Sabine Schülting’s Dirt in Victorian Literature and Culture comes at a welcome time as the Victorian sanitation movement, as well as studies on dust and dirt, are gaining attention in Victorian Studies. Her book is a useful contribution to the existing work on dirt in Victorian literature and culture, as she not only explores representations of waste and refuse in sanitary, social and fictional texts, but is also interested in how dirt is reflected in these texts’ aesthetic and narrative features.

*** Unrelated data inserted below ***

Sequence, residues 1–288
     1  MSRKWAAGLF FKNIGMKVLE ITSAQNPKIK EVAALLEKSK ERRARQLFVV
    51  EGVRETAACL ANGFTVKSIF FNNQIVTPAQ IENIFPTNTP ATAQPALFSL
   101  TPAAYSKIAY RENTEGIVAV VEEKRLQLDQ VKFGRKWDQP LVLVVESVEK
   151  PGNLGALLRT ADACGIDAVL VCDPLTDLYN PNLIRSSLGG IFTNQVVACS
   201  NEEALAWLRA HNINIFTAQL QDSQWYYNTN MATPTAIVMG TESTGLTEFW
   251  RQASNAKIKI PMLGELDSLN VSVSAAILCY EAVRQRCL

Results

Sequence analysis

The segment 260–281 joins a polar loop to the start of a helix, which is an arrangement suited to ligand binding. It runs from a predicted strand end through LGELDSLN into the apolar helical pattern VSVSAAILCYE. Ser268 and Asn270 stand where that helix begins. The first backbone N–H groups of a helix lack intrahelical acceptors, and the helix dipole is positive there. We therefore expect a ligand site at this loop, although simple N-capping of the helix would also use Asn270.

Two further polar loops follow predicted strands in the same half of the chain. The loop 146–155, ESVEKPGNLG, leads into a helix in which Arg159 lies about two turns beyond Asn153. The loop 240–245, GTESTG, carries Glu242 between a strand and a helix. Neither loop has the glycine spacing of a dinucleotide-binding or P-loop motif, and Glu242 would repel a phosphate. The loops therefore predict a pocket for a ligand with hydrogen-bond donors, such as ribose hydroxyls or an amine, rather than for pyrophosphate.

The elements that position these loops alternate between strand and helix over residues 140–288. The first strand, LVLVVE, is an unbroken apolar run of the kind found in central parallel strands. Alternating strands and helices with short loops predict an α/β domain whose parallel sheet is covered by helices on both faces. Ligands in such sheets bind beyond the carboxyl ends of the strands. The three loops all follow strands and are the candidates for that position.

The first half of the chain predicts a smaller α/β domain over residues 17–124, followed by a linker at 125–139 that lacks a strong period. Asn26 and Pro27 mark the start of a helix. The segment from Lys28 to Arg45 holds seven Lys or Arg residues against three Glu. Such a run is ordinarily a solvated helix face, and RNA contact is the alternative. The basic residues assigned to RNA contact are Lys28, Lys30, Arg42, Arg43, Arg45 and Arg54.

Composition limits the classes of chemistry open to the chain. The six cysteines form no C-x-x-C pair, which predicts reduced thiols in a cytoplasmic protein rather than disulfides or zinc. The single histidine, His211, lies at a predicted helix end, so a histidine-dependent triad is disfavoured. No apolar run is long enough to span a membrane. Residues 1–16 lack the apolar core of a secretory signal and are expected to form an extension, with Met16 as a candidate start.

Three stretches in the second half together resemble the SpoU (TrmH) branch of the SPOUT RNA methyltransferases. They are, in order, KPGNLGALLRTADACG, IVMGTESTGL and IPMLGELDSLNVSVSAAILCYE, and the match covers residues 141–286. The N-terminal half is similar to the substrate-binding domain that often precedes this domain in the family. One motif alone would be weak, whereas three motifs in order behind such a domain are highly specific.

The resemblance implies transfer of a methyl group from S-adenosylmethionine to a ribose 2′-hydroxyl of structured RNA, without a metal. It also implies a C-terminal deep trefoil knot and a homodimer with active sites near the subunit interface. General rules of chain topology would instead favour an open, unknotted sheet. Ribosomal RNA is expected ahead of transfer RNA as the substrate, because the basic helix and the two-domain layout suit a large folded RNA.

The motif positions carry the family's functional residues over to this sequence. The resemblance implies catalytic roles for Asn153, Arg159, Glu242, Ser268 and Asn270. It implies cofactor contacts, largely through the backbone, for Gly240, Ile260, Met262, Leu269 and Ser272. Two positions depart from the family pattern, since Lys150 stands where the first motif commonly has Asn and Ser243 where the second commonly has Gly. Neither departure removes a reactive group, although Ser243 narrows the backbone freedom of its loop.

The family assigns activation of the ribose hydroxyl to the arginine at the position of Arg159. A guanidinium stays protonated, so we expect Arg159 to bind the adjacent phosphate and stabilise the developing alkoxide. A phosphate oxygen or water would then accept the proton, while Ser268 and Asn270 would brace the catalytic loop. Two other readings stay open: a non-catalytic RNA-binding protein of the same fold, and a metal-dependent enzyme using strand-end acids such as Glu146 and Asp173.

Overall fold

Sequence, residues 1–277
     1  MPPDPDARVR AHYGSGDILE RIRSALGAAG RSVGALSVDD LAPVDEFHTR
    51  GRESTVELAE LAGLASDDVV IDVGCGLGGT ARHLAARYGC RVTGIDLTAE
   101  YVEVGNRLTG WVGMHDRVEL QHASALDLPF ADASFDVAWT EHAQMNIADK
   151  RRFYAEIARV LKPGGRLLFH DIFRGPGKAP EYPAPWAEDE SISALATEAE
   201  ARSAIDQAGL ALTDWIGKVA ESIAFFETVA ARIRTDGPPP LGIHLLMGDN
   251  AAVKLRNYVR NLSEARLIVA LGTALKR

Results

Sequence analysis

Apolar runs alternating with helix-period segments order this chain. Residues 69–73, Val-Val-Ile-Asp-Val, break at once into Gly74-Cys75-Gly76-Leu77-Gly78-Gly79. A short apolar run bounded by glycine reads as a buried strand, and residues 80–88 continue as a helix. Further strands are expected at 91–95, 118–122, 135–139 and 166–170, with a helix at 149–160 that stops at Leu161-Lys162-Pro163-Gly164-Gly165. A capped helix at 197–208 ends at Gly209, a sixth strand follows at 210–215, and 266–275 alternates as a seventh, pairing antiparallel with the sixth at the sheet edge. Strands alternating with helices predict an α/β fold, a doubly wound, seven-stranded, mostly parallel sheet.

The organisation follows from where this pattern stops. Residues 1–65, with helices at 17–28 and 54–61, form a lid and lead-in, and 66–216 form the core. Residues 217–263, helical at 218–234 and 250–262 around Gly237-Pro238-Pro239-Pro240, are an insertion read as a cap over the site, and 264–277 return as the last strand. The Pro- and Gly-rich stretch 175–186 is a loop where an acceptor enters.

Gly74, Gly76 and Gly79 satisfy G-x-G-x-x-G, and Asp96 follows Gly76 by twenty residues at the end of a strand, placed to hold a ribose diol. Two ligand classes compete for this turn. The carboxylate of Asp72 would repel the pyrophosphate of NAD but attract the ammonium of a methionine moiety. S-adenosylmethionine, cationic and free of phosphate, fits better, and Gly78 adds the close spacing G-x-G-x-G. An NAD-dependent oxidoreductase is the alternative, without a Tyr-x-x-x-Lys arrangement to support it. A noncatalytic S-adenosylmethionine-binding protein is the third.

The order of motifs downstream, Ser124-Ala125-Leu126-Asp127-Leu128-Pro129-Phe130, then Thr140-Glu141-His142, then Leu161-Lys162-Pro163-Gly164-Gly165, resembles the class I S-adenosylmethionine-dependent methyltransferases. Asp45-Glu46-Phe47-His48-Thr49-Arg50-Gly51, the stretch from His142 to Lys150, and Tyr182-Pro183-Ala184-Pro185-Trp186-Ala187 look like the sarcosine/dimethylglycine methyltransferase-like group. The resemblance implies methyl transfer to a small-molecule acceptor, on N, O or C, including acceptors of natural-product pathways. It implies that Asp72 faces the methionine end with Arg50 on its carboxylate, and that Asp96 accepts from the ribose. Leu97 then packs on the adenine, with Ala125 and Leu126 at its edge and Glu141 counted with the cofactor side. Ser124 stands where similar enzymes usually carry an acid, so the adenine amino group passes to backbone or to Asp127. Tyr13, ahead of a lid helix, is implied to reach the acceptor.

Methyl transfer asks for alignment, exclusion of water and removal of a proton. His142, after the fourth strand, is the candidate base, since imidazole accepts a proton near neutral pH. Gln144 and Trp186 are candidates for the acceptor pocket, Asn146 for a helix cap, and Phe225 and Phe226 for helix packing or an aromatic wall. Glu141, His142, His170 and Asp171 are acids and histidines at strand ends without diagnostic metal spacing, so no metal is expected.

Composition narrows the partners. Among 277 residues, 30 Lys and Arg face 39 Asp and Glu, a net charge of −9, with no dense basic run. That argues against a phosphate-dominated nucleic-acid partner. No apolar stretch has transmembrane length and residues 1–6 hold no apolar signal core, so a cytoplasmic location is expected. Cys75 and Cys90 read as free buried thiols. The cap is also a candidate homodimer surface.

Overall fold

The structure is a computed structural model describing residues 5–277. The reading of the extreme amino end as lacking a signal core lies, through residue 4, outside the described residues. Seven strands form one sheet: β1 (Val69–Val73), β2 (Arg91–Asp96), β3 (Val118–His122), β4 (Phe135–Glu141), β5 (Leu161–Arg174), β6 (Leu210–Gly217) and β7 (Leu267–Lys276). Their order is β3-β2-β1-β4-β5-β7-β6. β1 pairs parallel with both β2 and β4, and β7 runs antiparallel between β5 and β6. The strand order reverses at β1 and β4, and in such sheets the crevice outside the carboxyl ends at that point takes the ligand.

In her first chapter Schülting focuses on the Victorian fascination with the recycling of dirt. She places Mayhew’s London Labour and the London Poor in dialogue with Charles Dickens’ Our Mutual Friend and Bleak House, which allows her to convincingly show the similarities in these texts. All three share an obsession with categorizing, hoarding and ordering waste and recyclable material. Moreover, they all value dirt in a similar way, as they promote the view that all waste is potentially of value as long as the dirt is pure,“i.e. when its original ingredients are not mixed with other matter” (23). For dirt to become valuable, it thus has to be shifted through and ordered. Schülting explains how these texts reproduce this act of awarding value to dirt by separating the pure from the impure in their narrative structure as well. Through his descriptions Mayhew, for example, is able to transform dirt “into the most fixed of signifiers: numbers, which signify monetary wealth” (29). And in Our Mutual Friend Dickens invites the reader to look on as the characters sift through their chaotic lives, in an attempt to attribute meaning to it. According to Schülting the storyteller himself resembles the dust-sifter “in that he also looks for discarded material that can be reused”, thus “exploring the narrative potential of old things and waste matter” (36).